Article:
But even with all of this it is still not enough to match the shortfall. Of course one thing that keeps the legislature in Juneau from making the really painful cuts is the reserve fund. There is much discussion of “borrowing” from this multi-billion dollar fund to offset the difference in income. Now we all know how well “borrowing” worked for Washington when for years they “borrowed” from the social security trust fund. I am quite sure we will never again see any money taken from this ‘peoples’ fund again.
I am wondering why
our educated, knowledgeable representatives in Juneau
can not act like those teens from the long ago past
and only spend what money they take in on Alaska’s future.
Its noon on a quiet Saturday as I sit in the cabin’s loft loft writing this posting. For a couple weeks now, here at the cabin, the temperatures have been in the mid to upper 40’s and bare patches of earth have have begun to reveal themselves as Spring settles in. But like most things in life nothing, not even the change in seasons, is guaranteed. For when I awoke this morning all evidence of those bare patches had been eradicated by the serenely falling snow.
My mood of late, like the weather out here, has been one of changes and swings from one extreme to the other. And other than the local news about the Dalton Highway shut down it has been almost a week since my last posting of national consequence. This is of course is not because of a loss of subject matter available for me to grumble over and pontificate on, but rather a personal mental quandary that has been bubbling to the surface more and more of late.
Those of you who are true accomplished writers understand that sometimes personal dilemmas can interfere with their writing, and for a non-writer like myself it has literally stopped any creative process in its tracks. I find it hard to ‘don’ the persona of a curmudgeon living in solitary self imposed exile in the Alaskan wilderness. At the same time espousing observations of a political or social nature, while pondering the extinction of my current lifestyle.
However I am hopeful
that like many other twists and detours down my ‘life’s road’
there is a solution to this current conundrum.
In all of America there is but one last truly untamed frontier road and it is called the Dalton Highway. The word highway is quite overstated here because the 414 miles of the Dalton traverses some of the most rugged, majestic vistas this nation has to offer while having, for the most part only one stop on those 414 miles for food, fuel and emergencies. It is a road borne out of necessity when they built the Trans-Alaskan pipeline and only opened to public use in 1995. But those fortunate few visitors who have traveled it have been granted a glimpse of the handiwork of God and leave Alaska with memories that will last a lifetime.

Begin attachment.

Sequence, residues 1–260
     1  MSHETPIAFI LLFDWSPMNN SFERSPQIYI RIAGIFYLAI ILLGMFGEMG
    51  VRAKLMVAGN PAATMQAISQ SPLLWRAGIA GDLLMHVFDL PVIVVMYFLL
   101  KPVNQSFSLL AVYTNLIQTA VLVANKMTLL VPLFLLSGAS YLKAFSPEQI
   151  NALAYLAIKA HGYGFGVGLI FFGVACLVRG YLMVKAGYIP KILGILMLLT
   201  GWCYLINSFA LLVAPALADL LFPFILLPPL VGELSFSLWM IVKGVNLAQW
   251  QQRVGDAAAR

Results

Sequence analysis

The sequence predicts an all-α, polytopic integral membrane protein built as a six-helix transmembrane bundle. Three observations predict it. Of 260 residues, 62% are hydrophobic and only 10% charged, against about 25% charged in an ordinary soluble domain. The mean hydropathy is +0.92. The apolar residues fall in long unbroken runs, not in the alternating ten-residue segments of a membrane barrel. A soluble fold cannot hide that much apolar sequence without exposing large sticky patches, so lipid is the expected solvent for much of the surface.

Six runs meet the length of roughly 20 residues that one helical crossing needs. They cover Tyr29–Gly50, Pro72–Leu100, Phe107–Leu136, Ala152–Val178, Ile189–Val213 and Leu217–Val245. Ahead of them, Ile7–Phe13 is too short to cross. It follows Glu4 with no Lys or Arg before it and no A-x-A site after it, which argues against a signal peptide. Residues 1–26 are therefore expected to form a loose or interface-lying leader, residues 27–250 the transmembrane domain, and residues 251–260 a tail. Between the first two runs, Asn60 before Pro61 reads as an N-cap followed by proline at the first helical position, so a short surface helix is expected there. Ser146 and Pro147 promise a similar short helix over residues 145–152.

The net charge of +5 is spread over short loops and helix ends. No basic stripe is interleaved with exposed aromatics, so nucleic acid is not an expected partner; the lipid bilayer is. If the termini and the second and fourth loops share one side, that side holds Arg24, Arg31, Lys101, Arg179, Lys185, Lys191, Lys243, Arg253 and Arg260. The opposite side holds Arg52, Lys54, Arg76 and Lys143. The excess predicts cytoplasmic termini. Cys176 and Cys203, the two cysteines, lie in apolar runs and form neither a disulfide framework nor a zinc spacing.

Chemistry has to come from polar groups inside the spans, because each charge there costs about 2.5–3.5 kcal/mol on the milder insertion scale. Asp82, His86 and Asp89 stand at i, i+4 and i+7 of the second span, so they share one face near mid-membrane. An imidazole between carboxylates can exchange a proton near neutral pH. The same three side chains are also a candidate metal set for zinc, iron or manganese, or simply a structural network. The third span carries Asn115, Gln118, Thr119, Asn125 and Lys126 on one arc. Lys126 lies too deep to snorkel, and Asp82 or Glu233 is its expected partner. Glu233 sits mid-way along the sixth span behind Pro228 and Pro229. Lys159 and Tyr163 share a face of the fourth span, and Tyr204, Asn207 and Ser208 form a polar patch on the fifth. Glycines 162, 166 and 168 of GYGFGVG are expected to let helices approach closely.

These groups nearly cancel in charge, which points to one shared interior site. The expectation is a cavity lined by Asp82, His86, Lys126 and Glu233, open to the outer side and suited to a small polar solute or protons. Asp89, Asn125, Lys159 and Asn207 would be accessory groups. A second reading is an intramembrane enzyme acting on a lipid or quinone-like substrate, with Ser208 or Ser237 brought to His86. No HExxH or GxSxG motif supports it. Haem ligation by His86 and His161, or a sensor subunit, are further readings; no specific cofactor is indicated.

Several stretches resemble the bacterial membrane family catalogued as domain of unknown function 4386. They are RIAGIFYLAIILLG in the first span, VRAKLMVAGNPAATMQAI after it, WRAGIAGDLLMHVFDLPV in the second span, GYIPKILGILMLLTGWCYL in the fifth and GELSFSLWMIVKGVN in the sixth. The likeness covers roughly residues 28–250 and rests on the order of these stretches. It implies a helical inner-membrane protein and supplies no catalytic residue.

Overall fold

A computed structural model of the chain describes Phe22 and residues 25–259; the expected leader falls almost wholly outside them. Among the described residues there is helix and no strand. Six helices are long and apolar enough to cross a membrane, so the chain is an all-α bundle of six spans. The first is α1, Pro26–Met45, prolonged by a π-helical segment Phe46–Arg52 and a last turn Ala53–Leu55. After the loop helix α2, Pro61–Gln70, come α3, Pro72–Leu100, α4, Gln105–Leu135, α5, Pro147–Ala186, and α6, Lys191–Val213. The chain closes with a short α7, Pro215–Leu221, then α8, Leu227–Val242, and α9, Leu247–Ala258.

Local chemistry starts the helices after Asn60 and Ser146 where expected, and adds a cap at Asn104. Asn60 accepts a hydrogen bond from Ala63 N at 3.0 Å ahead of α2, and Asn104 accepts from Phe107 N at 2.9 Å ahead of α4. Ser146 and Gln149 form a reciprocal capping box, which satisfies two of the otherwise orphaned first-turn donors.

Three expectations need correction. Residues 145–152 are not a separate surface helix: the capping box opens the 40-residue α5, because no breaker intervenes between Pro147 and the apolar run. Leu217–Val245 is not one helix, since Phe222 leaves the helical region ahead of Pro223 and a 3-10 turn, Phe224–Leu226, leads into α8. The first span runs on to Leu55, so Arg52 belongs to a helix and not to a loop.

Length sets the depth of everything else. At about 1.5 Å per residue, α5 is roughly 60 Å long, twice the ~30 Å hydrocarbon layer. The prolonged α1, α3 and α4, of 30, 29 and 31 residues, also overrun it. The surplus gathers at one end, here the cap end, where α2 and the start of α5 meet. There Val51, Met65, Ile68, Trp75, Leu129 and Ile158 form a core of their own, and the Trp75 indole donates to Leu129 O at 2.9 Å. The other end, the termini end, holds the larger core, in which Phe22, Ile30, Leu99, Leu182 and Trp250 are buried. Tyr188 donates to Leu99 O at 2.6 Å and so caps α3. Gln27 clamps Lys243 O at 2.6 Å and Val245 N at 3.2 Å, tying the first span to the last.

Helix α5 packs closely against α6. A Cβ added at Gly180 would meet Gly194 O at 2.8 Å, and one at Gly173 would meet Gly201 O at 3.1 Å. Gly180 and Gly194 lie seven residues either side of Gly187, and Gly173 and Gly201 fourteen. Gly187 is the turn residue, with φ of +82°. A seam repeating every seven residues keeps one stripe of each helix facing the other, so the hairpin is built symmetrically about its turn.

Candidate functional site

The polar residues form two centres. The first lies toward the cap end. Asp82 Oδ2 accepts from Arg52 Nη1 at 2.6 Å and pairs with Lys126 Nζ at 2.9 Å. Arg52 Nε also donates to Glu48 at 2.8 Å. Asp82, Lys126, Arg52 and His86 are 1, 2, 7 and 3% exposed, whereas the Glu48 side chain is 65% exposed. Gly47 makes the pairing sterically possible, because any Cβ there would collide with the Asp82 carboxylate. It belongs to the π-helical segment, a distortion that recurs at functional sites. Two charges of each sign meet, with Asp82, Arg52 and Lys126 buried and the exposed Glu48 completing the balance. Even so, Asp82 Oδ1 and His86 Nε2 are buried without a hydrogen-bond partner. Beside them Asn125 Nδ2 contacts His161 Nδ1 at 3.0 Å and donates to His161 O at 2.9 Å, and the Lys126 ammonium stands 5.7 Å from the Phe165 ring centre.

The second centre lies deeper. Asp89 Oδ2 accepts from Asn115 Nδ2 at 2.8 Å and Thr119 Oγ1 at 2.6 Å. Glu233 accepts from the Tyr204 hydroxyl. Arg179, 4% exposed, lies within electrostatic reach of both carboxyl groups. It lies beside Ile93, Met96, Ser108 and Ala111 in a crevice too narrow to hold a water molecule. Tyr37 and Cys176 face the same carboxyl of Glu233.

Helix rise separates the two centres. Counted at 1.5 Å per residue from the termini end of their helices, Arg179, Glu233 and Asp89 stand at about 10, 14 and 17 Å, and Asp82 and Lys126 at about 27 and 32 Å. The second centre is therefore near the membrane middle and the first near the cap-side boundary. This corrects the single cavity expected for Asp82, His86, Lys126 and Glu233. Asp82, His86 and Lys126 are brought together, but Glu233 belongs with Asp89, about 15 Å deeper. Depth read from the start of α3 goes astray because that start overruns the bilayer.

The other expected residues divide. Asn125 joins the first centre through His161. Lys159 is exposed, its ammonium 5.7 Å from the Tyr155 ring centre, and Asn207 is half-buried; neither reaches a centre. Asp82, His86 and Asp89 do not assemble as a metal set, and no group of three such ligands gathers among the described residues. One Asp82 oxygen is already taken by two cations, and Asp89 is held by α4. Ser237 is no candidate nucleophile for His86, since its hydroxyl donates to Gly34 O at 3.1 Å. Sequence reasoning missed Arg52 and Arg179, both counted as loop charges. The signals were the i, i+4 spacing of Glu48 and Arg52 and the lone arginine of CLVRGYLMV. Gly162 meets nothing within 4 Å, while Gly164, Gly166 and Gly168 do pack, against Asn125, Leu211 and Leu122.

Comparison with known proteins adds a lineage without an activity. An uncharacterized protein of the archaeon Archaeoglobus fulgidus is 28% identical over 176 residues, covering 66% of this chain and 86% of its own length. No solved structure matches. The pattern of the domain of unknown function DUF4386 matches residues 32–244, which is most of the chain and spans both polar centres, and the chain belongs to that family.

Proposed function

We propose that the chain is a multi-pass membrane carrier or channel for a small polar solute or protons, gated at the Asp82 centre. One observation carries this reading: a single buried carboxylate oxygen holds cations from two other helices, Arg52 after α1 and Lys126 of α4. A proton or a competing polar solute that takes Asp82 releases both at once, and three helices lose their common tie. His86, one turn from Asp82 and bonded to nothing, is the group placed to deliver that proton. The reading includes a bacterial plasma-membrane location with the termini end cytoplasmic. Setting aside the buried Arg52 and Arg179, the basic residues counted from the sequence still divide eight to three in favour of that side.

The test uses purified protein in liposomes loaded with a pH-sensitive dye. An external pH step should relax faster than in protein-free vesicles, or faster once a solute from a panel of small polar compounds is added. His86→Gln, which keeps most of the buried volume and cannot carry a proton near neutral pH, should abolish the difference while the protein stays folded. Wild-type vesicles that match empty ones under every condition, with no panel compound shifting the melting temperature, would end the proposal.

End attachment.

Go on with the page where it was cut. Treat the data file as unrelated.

Today that road is a lifeline for the hundreds of men and woman working in the oil fields at Prudhoe Bay, and that lifeline has been closed for over a week with many hundreds of tractor trailers stuck on there for days. Noting the importance of that lone roadway to the top of the world in Alaska, the governor has declared a state of emergency.
What started more than a week ago with overnight road closures morphed into a temporary one lane highway has now for many days shut down the delivery of critical supplies to the financial heart of Alaska, Prudhoe Bay. While stranding hundreds of tractor trailers with loads ranging from drilling supplies to the very food that keeps Prudhoe Bay alive, down in Fairbanks more than 700 loads are waiting to move to the farthest town North American.
Now one may ask why I think a road closure should warrant a blog posting, I realize that unless you have traveled this frontier road you will never truly understand. Personally I have for years driven the 1,000 mile round trip from Fairbanks to Deadhorse/Prudhoe Bay a couple times each year just to rekindle the sense of adventure this road offers, and I am concerned for those hundreds of people stranded on Americas road to the top of the world.
**New article about the Dalton Highway
**A short video clip of some of what the Dalton has to offer.